Can the Jewish community do divorce better? 

In Short

Turns out, disappointment in Jewish rituals and response to divorce from our synagogues and schools has been the case for most divorced/divorcing Jews, including Jewish clergy.

My teacher, colleague and friend, Rachel Brodie z”l, died recently. As I tended to my sadness and showed up to support her family at the funeral and shiva, I reflected on how she helped me become a better Jewish educator including on my latest project: Divorce and Discovery: A Jewish Healing Retreat. It will run for the first time this fall at Camp Tawonga. Rachel kept binders of articles and ideas on a huge number of Jewish education topics – she was, after all, the Jewish educators’ premier educator. She generously shared her learning and resources with all of us. 

Over lunch at her house last December, she opened the binder she had compiled on Jewish divorce and let me scan every article and program in it. She and her “husband emerita,” as she called Adam Weisberg, Urban Adamah executive director, wrote one of the best community decoupling letters I have ever read. It was a sweet and informative letter describing the change in their relationship in the context of other pivotal life changes – like the birth of two children, the death of two mothers, the move to the Bay Area. They sought to continue as family and friends, though not as a married couple.

My ex wife and I could not have written such a letter at the time of our separation. We did not come to a mutual decision to end our marriage, and though we were lesbians on the cutting edge of LGBTQ leadership in our Jewish community (as the first out resident Jewish summer camp director in the country and the first openly lesbian clergy hired at Congregation Emanu-El in San Francisco), our good intentions and our marriage failed. I was sad for a year. Over time, my ex and I have untangled our feelings. Today we are good friends, consider each other family, and have always been excellent cooperative co-parents of our two sons. I introduce her as my “starter-wife.” 

Meeting and dating my current wife a year after my marriage ended helped tremendously with my healing, and if numbers matter to you as they matter to me, in August 2022 I will have been with my new wife for 15 years, the same number of years I spent dating and married to my starter-wife.

Since my starter-wife is a rabbi, I knew lots of rabbis at the time of our separation. They came to our house for dinner; we went skiing and camping and hiking together. I reached out to no fewer than five of them asking for help in navigating my divorce grief through a Jewish lens, and strangely, they had nothing to offer. They said, “You can get a get.” (A get is a Jewish legal divorce document).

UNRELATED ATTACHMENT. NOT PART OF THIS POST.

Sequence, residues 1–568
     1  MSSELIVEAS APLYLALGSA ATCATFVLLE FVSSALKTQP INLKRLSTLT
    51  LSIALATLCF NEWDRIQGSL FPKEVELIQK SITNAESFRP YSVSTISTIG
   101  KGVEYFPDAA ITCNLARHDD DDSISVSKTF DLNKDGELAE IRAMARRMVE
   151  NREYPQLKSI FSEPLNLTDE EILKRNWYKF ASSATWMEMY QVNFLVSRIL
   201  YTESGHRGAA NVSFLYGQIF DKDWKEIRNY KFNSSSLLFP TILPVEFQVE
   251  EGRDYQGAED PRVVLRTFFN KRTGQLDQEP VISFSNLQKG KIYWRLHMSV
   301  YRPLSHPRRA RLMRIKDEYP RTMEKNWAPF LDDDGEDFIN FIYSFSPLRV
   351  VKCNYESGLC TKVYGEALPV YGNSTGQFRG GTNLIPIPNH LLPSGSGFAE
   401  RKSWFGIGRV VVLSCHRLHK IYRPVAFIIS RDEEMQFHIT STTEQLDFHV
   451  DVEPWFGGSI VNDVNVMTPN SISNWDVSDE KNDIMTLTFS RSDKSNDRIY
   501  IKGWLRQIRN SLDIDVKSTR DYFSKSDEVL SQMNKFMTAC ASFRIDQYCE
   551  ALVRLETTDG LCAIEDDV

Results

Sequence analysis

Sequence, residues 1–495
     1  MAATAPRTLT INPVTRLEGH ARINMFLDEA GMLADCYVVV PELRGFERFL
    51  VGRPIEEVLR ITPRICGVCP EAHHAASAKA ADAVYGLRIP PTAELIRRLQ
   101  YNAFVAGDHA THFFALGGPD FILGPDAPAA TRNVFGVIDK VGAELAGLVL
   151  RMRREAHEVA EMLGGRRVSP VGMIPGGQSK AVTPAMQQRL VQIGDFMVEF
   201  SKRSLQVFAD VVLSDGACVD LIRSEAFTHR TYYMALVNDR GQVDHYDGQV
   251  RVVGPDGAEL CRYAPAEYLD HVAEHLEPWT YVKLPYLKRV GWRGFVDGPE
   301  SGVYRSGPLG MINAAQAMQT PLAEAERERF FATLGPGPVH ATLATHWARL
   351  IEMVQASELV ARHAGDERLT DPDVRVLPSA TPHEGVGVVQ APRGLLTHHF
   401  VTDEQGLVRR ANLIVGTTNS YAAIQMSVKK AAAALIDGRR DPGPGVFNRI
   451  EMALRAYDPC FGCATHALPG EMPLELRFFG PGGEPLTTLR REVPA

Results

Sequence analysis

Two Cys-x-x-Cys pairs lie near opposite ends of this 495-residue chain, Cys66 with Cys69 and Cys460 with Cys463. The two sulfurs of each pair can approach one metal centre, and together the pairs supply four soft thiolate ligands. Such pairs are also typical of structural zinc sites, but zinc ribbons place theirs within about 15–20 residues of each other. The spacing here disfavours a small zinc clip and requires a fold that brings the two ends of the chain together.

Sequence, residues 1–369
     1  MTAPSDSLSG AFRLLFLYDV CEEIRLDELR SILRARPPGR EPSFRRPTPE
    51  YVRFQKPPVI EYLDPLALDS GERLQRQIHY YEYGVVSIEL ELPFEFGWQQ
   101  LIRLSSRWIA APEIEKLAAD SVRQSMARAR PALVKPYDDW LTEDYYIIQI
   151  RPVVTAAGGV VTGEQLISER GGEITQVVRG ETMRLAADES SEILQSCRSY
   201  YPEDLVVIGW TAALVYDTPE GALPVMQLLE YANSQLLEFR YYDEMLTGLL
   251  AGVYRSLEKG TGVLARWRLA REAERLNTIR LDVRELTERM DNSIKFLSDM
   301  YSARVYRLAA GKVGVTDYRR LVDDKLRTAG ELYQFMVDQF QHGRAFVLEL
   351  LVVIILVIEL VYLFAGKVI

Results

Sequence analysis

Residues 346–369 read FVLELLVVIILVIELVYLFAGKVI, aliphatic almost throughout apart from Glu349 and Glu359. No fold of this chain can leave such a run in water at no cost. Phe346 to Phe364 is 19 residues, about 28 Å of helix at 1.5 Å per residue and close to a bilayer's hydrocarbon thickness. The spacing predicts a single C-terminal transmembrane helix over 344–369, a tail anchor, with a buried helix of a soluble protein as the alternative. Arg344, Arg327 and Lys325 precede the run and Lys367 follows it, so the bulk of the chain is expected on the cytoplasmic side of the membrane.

Where was the “Divorce Mikveh” or the “Divorce Havdalah” at the synagogue? What about the community “Divorce Tashlich?” Where were the prayers (later written by Rabbi Naomi Levy) asking God for help to heal from anger and hurt at the end of a marriage? Or Rabbi Laura Geller’s idea of changing out the mezuzah into the bedroom, maybe even writing your own klaf (the interior parchment of a mezuzah containing prayers like the Sh’ma and V’ahavta)? These ideas were nowhere to be found. I was on my own. I had to turn to the secular world for support and comfort.

Turns out, disappointment in Jewish rituals and response to divorce from our synagogues and schools has been the case for most divorced/divorcing Jews, including Jewish clergy. In a survey I created last year to better understand how to fulfill the needs of folks going through divorce in the Jewish community, I asked about satisfaction with Jewish paths to healing from divorce and discovered not one respondent was satisfied. Like me, they looked for therapy and grief retreats outside of the Jewish community. It became clear to me that Jewish folks facing divorce today seek a community of people going through the same thing and are hungry for Jewish ritual and wisdom texts about divorce. 

So, as a capstone project for my rabbinical school requirement in innovation, I created Divorce and Discovery: A Jewish Healing Retreat. As far as I can tell, there isn’t a program like it anywhere in the world. The purpose of the retreat is to help people who feel broken or in pain from the ending of long-term relationships find their way back to wholeness – guided by Jewish healing rituals, communal support and professional expertise. Rabbi Akiva, one of our Talumdic Rabbis, taught us that divorce is not a tragedy but a remedy for a marriage fractured beyond repair. 

Thanks to Rachel Brodie’s binder, I found all kinds of Jewish divorce rituals innovated by some of our local clergy, including Maggid Jhos Singer and Rabbi Menachem Creditor, along with a wonderful thought piece by Rabbi Alan Lew of blessed memory. And though Rachel was not up for working the retreat in the rustic wilderness of Camp Tawonga (she called herself “the great indoors woman”), her enthusiasm for the idea was all I needed to know that there is a real need for this offering in our community.

At the retreat, we’ll use prayer, Jewish text, rituals and communal practices to support participants on their journey to feeling whole again. In Pirke Avot, the teachings of the ancestors, Rabbi Tarfon said: “It is not up to you to finish the task, but you are not free to avoid it.” We hope that those who are struggling in their divorce process find some healing in our offering – and that Divorce and Discovery is just the beginning of a helpful Jewish response to divorce.

Learn more about Divorce & Discovery: A Jewish Healing Retreat here

Rabbi Deborah Newbrun is director emeritus at Camp Tawonga in the Stanislaus National Forest in Northern California.